Iraq watchdog is target of inquiry

Bowen has probed waste, corruption in reconstruction effort

May 04, 2007|By New York Times News Service

A federal official whose investigations of waste and corruption in Iraq have repeatedly embarrassed the Bush administration is being investigated himself by an oversight committee with close links to the White House and by the ranking Republican on the House Government Reform Committee.

The investigation of the official, Stuart W. Bowen Jr., originated with a complaint put together by roughly half a dozen former employees who appear to have left his office on unhappy terms, said several officials familiar with the case, who spoke on the condition of anonymity because the investigation is continuing.

Both the White House and a spokesman for the Republican congressman, Thomas M. Davis III of Virginia, said yesterday that the investigations were not started in retribution for the work undertaken in Iraq by Bowen, who runs the Office of the Special Inspector General for Iraq Reconstruction.

But the investigations are coming to light just a few months after Bowen's office narrowly escaped what amounted to a termination clause tucked away in a large military authorization bill by staff members of another Republican congressman. A bipartisan group of lawmakers later managed to reverse that provision, but the latest action has renewed suspicions that Bowen - a Republican - has come to be seen as a serious political liability by his own party.

One of the former employees who filed the complaint, who spoke on the condition of anonymity out of concern that he would face reprisals, agreed that all of those who brought the misconduct accusations had been unhappy with demotions, terminations or other sanctions during their time in the inspector general's office.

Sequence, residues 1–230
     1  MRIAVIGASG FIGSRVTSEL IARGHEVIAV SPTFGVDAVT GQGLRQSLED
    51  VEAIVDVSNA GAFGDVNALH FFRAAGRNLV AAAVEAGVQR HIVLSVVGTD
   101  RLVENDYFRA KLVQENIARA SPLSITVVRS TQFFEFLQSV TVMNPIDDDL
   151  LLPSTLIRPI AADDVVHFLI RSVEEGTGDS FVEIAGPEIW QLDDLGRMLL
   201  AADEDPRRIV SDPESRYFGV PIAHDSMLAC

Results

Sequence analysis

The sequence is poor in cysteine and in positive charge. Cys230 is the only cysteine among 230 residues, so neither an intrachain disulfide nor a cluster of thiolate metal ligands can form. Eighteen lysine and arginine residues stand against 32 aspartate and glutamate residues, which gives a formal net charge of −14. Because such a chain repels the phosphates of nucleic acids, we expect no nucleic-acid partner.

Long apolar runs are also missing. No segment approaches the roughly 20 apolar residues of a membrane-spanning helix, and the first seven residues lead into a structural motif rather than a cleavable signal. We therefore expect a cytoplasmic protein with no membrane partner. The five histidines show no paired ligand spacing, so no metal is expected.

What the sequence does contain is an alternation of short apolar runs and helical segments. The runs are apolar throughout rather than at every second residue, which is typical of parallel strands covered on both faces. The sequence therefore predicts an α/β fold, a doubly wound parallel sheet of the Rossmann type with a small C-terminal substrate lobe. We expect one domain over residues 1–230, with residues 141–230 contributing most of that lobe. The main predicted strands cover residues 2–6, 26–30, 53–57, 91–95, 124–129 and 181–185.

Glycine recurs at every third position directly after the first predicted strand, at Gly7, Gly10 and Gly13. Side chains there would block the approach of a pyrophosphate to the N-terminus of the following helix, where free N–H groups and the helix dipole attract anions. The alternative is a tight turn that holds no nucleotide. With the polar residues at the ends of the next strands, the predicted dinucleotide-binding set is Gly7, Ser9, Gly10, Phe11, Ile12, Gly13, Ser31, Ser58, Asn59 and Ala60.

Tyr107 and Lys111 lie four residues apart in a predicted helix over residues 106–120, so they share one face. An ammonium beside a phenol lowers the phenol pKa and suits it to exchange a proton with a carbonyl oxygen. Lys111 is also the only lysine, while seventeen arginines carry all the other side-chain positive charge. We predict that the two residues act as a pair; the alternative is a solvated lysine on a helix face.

"I think probably in each case, yes," the former employee said. "Some were outright fired, and some were demoted."

Even so, he said, all of them believed that they had seen numerous instances of genuine misconduct during their time in the office, and in 2006 they sent those accusations to the President's Council on Integrity and Excellence, an organization that was specifically created to investigate allegations of misconduct by inspectors general at federal agencies.

A letter from the council to the inspector general's office dated May 8, 2006, and obtained by The Times says that the council decided that three of the accusations were credible enough to investigate.

Those accusations involve fairly narrow issues: a payment to a contractor that the employees believed was unjustified; a project to produce a type of report on reconstruction that they maintain is outside the congressional mandate of the office; and what the employees contend is an inflated estimate of how much money investigations by the office have saved U.S. taxpayers.

The council is drawn from the executive branch, and its chairman is Clay Johnson III, a deputy budget director and longtime friend of the president.

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